The rule that a trial court must liberally construe the evidence submitted in opposition to a summary judgment motion applies in ruling on both the admissibility of expert testimony and its sufficiency to create a triable issue of fact. (Jennifer C. v. Los Angeles Unified School Dist. (2008) 168 Cal.App.4th 1320, 1332-1333; Powell v. Kleinman (2007) 151 Cal.App.4th 112, 125-126, 128-130.) In light of the rule of liberal construction, a reasoned explanation required in an expert declaration filed in opposition to a summary judgment motion need not be as detailed or extensive as that required in expert testimony presented in support of a summary judgment motion or at trial. (Jennifer C., supra, at p. 1332; Powell, supra, at pp. 128-130.) Liberally construing the Kashar declaration, we conclude that the explanation provided for Kashar‟s opinion was sufficient and that the trial court could not properly exclude the expert testimony based on Kashar‟s failure to identify the particular tests employed or describe the test results. We therefore hold that the trial court failed to liberally construe the declaration as required, and that the sustaining of the objections to the Kashar declaration based on Evidence Code sections 801, subdivision (b) and 802 was an abuse of discretion.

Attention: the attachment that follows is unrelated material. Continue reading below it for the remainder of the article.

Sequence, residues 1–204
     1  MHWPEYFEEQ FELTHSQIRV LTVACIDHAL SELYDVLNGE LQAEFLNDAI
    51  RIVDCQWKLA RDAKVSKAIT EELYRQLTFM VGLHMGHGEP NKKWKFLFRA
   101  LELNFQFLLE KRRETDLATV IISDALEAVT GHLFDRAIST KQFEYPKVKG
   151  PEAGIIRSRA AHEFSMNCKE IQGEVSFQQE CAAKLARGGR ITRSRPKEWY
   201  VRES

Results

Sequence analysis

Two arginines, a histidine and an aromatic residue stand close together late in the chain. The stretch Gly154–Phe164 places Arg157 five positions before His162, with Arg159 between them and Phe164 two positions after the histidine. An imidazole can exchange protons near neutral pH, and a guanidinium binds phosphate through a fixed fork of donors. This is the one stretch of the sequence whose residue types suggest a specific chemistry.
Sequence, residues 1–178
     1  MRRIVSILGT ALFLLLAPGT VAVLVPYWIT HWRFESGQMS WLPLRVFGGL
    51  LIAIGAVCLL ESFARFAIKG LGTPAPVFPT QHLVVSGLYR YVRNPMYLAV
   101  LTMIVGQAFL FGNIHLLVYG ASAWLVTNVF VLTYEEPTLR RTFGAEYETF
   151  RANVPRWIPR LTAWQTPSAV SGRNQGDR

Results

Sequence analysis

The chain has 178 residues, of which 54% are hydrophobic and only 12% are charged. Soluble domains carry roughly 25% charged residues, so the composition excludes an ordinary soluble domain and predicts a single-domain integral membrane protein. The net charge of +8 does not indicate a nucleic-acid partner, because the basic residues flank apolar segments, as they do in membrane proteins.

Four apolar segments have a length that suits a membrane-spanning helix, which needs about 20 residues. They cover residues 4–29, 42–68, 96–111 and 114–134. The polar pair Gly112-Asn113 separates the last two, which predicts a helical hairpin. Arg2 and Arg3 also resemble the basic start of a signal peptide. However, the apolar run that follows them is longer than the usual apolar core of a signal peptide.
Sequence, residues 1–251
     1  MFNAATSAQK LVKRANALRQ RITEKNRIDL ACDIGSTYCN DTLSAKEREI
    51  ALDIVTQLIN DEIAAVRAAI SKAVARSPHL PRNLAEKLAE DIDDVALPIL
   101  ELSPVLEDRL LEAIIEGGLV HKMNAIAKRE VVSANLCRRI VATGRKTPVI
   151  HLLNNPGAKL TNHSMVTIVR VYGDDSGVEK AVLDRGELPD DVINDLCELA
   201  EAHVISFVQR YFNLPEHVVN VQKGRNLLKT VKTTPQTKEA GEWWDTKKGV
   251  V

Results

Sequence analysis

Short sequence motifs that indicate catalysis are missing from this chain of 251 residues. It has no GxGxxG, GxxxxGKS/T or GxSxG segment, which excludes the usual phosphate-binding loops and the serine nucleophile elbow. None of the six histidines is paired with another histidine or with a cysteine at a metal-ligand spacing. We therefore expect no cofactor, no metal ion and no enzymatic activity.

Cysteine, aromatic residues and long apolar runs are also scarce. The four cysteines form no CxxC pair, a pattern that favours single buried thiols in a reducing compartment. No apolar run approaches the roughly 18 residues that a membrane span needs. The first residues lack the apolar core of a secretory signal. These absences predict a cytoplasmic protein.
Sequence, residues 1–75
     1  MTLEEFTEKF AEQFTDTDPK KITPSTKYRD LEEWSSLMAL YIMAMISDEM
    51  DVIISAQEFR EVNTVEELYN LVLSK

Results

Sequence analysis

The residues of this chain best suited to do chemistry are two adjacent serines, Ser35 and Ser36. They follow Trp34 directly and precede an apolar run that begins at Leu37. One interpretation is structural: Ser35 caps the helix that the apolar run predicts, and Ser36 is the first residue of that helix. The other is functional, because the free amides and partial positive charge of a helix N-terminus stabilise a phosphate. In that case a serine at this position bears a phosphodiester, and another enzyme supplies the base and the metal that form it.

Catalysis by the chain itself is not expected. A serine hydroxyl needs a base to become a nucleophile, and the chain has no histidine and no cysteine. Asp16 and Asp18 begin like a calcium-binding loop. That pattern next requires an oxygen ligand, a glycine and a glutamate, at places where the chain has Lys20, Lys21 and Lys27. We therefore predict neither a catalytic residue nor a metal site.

b. The Sustaining of the Objections Cannot Be Affirmed on Other Grounds
Howmedica and Stryker also objected to portions of the Kashar declaration on the grounds that he was not qualified to testify as an expert. “A person is qualified to testify as an expert if he has special knowledge, skill, experience, training, or education sufficient to qualify him as an expert on the subject to which his testimony relates.” (Evid. Code, § 720, subd. (a).) Kashar stated in his declaration that he was “a metallurgist with more than 30 years of experience in materials analysis, failure analysis and material trade-off evaluation.” He testified in his declaration on the nature and hardness of the materials used in the prosthesis, a subject for which his experience as a metallurgist undoubtedly qualified him as an expert.